WALSH: Why Employers Deserve Much Of The Scorn And Blame For The Student Debt Crisis

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There are many villains in the story of the student debt bubble. The universities that charge exorbitant tuition rates simply because they can, bilking working families out of thousands of dollars for an education that isn’t worth a fraction of the cost, should be the first in line to absorb the blame. But it is a long line indeed. The government has earned a hefty portion of our collective scorn for issuing predatory loans to kids fresh out of high school with no assets or income. And blame goes to the public school system for indiscriminately pushing students into college, and to parents who add to the pressure, which I’m convinced is as much about their own vanity as it is their concern for their child’s financial future. We can thank all of these people for $1.5 trillion in student debt.

But there’s another group that seems to have largely escaped the public’s wrath, despite their unique role in driving this entirely unnecessary crisis. We take it for granted that our kids “need” to obtain a college degree because so many jobs require them, but the need is mostly artificial. Thousands of employers across the country have chosen to arbitrarily inflate their job requirements, often demanding that applicants have degrees for positions that don’t actually necessitate them. And it’s only getting worse. Positions that didn’t require any degree 20 years ago now require a bachelor’s, and positions that required a bachelors 20 years ago now require a master’s. This, again, is artificial. People without degrees could perform the tasks necessary for most of these positions but employers disqualify them from consideration right out of the gate, for no good reason.

Obviously, some jobs really do require additional formal schooling. Nobody is suggesting that a guy with a high school diploma should be hired off the street to perform brain surgery at Johns Hopkins. But most jobs outside of science and medicine have to be learned by doing. It’s not as though companies save money on training new hires by limiting themselves to college graduates. They still have to train the college graduates, which is no surprise because most college graduates have little to no work experience.

It might be argued that employers look for the degree because, even if it’s in dance theory or comparative religion, it at least proves that the applicant is competent and hardworking. Well, I’d like to see some research supporting that assumption. I see no reason to conclude that college grads are any smarter, any more competent, or any harder working than non-college grads. In fact, I’d wager that the scale tips the other way. A 23-year-old who has been working and supporting himself since 18 has already demonstrated, at a minimum, that he has the basic skills necessary to be a functioning adult in society. A 23-year-old who has been sitting in classrooms all that time has not demonstrated that or anything else. All the college degree proves, in and of itself, is that he either had the money to pay for a degree or was willing to take on the debt. Why should that fact alone mean that his resume goes to the top of the stack?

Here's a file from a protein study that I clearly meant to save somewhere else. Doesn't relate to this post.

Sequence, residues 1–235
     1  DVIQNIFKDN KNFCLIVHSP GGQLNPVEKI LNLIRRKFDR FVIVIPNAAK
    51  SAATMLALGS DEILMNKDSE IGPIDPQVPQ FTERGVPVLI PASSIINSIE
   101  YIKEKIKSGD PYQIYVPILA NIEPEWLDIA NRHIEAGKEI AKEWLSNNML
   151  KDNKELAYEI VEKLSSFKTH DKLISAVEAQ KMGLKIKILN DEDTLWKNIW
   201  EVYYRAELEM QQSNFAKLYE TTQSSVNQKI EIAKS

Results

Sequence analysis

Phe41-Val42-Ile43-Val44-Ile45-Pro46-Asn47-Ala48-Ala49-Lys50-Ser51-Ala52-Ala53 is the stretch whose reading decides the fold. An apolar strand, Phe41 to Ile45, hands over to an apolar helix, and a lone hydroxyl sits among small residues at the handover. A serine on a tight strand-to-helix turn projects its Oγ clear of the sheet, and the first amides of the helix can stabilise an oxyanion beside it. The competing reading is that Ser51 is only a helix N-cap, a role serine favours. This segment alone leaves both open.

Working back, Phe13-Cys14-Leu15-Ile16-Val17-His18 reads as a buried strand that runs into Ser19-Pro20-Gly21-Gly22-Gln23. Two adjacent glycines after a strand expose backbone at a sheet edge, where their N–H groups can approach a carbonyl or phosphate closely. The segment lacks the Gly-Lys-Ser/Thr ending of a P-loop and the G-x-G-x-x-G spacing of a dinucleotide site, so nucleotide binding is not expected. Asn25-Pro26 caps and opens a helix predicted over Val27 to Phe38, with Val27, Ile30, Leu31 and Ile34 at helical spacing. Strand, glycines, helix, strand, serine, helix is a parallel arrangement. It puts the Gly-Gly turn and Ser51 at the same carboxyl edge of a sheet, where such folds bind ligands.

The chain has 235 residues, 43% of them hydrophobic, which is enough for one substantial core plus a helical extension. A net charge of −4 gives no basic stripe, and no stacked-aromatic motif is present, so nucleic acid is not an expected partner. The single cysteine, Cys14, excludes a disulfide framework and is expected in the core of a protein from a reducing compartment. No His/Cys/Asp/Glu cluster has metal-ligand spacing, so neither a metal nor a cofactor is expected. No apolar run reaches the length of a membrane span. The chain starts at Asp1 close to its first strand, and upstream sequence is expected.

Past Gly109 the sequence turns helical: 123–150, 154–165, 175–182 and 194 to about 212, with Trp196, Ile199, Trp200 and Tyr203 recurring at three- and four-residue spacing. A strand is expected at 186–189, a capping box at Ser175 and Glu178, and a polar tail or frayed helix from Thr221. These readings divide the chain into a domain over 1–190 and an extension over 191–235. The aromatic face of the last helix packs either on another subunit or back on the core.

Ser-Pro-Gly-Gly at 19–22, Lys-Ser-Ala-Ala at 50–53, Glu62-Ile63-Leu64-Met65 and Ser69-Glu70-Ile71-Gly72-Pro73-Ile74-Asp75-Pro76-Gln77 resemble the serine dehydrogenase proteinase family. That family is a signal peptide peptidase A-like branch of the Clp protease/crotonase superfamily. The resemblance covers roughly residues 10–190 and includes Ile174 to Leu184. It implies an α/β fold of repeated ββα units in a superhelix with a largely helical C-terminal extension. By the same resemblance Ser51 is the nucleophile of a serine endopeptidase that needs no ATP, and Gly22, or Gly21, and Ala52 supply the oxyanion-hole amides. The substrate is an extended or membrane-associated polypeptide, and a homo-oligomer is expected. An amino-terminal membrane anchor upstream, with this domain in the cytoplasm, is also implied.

We all know the truth. Employers demand high price degrees for entry level positions that a moderately intelligent monkey could learn in less than week simply out of laziness. The degree requirement is a way to cull the herd of applicants, making it easier and quicker to sift through. If qualified applicants are tossed aside, that’s a sacrifice the employer is willing to make for the sake of streamlining the process. But if it wasn’t for the arbitrary demands of these lazy HR departments, kids out of high school may not feel the need to take on crushing debt just to obtain a piece of paper that may only ever function as a calling card that prevents their resumes from being automatically thrown in the trash.

Perhaps the companies that unjustly discriminate against competent workers who lack that piece of paper should finally start absorbing some of the scorn and blame we direct everywhere except at them. Yes, they have every right to come up with whatever unnecessary and expensive job requirements they want. But they deserve to be named and shamed for it. Much of the current crisis is their fault. And it’s about time we hold them responsible for it.

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